Venezuela hasn’t always been known as the economic hell that it is now. Back in the 60s, it was a much more capitalist social democracy and even known as “The Cancún of Latin America”. Even JFK visited the country, with Jaquelyn Kennedy delivering a speech in Spanish. “Her accent was bad, but whatever.” Remarks Andrés.

“Before Chavez, we used to compare Venezuela to Switzerland. It would be considered crazy for a Venezuelan to want to leave, and Colombians would illegally cross the border to live here. Even Americans flocked here. Now, it’s the opposite. Everyone wants to move out. We’re like the Syrian refugees of Latin America.”

Andrés’ family was lucky. As upper-class citizens, they enjoyed the ability to legally move to the United States. Ironically, many children of socialist Venezuelan politicians did just the same during this time period. However, most Venezuelans aren’t so fortunate:

“People try to cross the border or swim, but that’s impossible. Some people try to stay on their visas in America.”

I asked Andrés if people can still believe in socialism after coming out of a nation filled with starvation, shortages, and a daily struggle for survival. His response was unsurprising:

“Unless you’re linked to the government, it’s very hard to come out of Venezuela a socialist. Some are Keynesian. It’s very hard to be a Venezuelan and a socialist unless you’re a corrupt official or very very very very very poor person.”

Noam Chomsky, Michael Moore, and Bernie Sanders have endorsed Venezuelan socialism. Once the government started gunning down protesters in 2017, they started saying ‘It’s not real socialism!’. Once the whole system collapses, it’s never real socialism.”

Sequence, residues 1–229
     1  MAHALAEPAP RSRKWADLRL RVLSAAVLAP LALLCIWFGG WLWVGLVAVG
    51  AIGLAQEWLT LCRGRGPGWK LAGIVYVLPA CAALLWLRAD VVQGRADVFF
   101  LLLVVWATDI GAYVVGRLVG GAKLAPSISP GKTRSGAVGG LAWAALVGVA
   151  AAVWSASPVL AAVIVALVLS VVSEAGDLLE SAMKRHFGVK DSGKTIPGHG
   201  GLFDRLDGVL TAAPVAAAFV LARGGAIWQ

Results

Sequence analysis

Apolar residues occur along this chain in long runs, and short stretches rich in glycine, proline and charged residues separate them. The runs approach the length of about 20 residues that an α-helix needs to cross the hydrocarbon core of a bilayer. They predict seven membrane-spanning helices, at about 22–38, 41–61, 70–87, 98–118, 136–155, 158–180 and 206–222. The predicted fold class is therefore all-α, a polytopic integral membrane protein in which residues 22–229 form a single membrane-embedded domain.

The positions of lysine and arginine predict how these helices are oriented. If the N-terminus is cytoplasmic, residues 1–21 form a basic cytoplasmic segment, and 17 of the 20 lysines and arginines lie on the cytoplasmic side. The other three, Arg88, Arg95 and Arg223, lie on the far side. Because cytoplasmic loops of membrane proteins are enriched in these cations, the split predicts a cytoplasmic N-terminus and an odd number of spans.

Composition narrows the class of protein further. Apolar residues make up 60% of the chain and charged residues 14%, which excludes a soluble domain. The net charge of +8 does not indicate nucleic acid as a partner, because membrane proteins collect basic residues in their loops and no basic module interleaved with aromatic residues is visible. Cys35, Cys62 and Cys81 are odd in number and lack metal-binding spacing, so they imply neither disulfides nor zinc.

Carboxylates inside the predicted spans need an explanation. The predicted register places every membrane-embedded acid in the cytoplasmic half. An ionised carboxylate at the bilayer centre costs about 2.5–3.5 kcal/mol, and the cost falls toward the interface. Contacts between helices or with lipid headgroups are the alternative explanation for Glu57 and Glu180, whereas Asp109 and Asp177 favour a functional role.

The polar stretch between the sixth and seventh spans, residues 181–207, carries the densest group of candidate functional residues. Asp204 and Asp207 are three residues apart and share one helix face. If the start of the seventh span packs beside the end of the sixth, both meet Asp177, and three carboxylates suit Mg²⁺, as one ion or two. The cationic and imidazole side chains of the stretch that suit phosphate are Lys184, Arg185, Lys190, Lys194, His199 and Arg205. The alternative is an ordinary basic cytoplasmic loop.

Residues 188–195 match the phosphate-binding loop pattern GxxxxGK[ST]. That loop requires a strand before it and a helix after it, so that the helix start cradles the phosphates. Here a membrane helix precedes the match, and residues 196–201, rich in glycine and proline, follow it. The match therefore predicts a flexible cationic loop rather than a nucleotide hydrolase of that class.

Andrés goes on to tell me that his whole family is made up of anti-authoritarian republicans, and he identifies as a libertarian. Either way, Venezuelans are sick of starving and are sick of their corrupt government. They want change, and there are a few ways to go about this.

There is always old-fashioned political voting. Groups such as the Movmíento Libertario are examples of young leaders trying to turn Venezuela away from its left-wing dictatorship.

However, a civil political movement might not be a good idea:

“The Chavista government gives welfare to people that vote for them. It will even promise housing to their supporters. Also, the regime gives 3-4 licenses to fans of Hugo Chavez and Nicolas Maduro. These licenses give them superhero names like ‘Batman’ or ‘Superman’. Also if you’re registered to vote, and don’t vote, the regime votes for you.”

“The only opposition is democratic socialists, so they’re not much of an ‘opposition’. They just kind of preach ‘peace and love’.”

“Some parties (like ‘Vente Venezuela’, a free market political party and one of the only right-wing Venezuelan political parties) are virtually illegal. And anyone who protests has the constant possibility of being arrested, or murdered by the Chavista regime.”

Decentralization is another huge option. Venezuela has a thriving black market and it is one of the only reasons that the populace can stay alive. André’s advice?

“Buy crypto. When the Inflation hit, people switched to Cryptocurrency on the black market. Bitcoin is being used to protect from people the regime from printing money to pay back debt and overinflating the market. However, the Chavista Government started cracking down on crypto traders, arresting anyone who wasn’t using the Nationalized cryptocurrency, called ‘el petro’. Crypto isn’t specifically illegal, but the government does whatever it wants.”

So what does the future hold for Venezuela? Only time will tell, but it seems like liberty and decentralization are a shining beacon of hope for a South American nation, enslaved by leftism.